Giving Quilts: What I wish you knew about the quilt I gave you
Estimated reading time: 2 minutes
If you’re one of those quilters who is “on the ball,” then I’m sure you plan on giving quilt gifts to some of your loved ones. To me Christmas really is the most wonderful time of the year, and giving quilty gifts to the people I love is just the icing on the cake. Sure, it’s a little stressful trying to get it all done on time, but mostly it’s fun and exciting to give a quilt to someone as a gift.
But I wouldn’t be completely honest if I didn’t admit that it can also be a little bitter sweet, too.
I will try to put this as delicately as I can, but sometimes it feels like the person we gift our quilt to isn’t as thankful as we wish they were.
In their defense, most of them have absolutely no comprehension as to what you just gave them.
If this has happened to you, then I feel your pain. It’s happened to me a few times, too. And so I wrote down all the things I wish the person knew about the quilt I gave them. It wouldn’t really be appropriate for me to tell them this, but you and I know the truth about that gift.
I’m sharing these words below in hopes that it will be an encouragement to any quilter who has felt that sense of let down after giving away their hard work to someone they love.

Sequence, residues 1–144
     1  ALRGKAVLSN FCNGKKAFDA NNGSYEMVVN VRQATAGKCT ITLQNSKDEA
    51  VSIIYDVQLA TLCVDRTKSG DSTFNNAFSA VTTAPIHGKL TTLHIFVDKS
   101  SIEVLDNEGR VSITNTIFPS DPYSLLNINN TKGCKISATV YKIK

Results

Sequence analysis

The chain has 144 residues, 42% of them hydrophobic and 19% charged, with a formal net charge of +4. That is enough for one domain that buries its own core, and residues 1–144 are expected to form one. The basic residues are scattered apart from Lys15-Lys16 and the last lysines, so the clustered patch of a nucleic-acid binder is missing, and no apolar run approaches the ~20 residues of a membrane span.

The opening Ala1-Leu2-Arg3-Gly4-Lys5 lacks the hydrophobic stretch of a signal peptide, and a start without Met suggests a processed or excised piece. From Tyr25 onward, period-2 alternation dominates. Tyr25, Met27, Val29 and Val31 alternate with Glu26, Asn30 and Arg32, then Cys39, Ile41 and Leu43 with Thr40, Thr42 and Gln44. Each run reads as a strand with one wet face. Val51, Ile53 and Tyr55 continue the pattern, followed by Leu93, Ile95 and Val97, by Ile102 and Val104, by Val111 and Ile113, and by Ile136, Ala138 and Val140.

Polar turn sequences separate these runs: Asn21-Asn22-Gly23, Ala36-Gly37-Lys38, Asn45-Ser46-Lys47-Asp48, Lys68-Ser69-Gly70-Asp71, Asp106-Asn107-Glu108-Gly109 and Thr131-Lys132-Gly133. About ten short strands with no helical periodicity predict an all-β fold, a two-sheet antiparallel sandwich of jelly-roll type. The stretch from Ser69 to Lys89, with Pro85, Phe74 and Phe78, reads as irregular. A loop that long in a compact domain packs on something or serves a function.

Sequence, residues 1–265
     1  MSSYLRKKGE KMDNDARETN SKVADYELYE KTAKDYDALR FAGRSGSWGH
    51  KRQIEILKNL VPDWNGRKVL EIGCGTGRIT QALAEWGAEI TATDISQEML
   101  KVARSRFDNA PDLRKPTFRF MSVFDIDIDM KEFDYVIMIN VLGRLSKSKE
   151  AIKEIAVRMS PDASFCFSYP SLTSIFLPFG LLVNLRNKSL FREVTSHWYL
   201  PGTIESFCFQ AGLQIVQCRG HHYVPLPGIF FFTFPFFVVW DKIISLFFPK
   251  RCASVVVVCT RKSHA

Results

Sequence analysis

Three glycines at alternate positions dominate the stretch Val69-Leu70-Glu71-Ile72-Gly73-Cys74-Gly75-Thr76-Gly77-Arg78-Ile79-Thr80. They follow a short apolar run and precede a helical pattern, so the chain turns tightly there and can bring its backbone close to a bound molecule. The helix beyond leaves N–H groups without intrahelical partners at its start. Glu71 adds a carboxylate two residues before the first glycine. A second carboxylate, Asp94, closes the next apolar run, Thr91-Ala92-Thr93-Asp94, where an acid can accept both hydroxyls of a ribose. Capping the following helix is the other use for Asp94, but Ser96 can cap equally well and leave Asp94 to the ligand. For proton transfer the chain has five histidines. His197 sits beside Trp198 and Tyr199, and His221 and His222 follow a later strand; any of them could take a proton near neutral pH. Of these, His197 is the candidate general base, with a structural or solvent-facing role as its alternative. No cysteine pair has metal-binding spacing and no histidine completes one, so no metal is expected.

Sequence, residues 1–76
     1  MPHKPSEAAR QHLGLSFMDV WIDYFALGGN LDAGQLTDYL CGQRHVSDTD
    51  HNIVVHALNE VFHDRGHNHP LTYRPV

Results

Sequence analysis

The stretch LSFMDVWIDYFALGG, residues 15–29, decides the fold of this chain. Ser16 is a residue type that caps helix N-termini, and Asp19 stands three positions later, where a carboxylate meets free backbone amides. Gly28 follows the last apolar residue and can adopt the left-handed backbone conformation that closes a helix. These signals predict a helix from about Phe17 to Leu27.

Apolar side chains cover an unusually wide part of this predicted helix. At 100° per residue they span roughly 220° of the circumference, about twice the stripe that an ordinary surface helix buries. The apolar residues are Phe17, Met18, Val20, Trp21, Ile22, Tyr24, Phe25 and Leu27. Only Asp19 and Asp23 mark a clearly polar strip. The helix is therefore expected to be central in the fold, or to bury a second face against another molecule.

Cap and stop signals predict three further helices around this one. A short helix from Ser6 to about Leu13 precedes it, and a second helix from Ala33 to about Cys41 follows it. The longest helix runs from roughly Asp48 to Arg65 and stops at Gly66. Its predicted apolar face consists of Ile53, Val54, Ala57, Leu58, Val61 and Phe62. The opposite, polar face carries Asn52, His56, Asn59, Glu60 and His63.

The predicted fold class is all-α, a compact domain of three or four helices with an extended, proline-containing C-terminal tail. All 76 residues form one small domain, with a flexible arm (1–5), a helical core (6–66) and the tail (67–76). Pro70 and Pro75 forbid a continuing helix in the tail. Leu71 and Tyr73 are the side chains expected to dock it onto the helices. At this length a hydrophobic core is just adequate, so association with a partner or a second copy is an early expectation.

These are the things we wish they knew, but we will probably never tell them. So, just mull these words over, and say them back to yourself. Hopefully, this will bring you back to a place where you remember that it was worth it, even if they didn’t quite “get it.”
What I wish you knew about the quilt I gave you
You may be thinking, “This is just another one of her quilts.”
Let me remind you that, just like you, the quilt I gave you is a one of a kind original. There is not another one like it on the planet.
If you’re thinking that it’s just a blanket, let me correct you on that, too. A blanket is made from one whole piece of fabric, cut to size and bound on the edges. It takes about an hour to make a blanket.
A quilt is lovingly stitched from many carefully selected fabrics. A typical bed size quilt that is machine pieced and quilted requires at least 25 hours of labor. And you were worth every one of those 1500+ minutes.
I knew I was going to give this quilt to you before I went to the store and shopped for the fabric. I took an extra long time selecting each one because I wanted to choose colors and designs that were just right for your personality. I chose motifs that reminded me of you, your hobbies, your likes and dislikes, our private jokes. Each fabric reminded me of how unique you are. And during every one of those 1500 minutes I thought of you and said prayers over you. My love for you was threaded into each and every stitch.
It took some extra time, but I carefully chose the stitch designs for the quilting. If you look closely, you might see motifs of things I know you enjoy. You may even see little messages from me stitched into the fibers. “I love you.” “You are my sunshine.” “You are amazing.”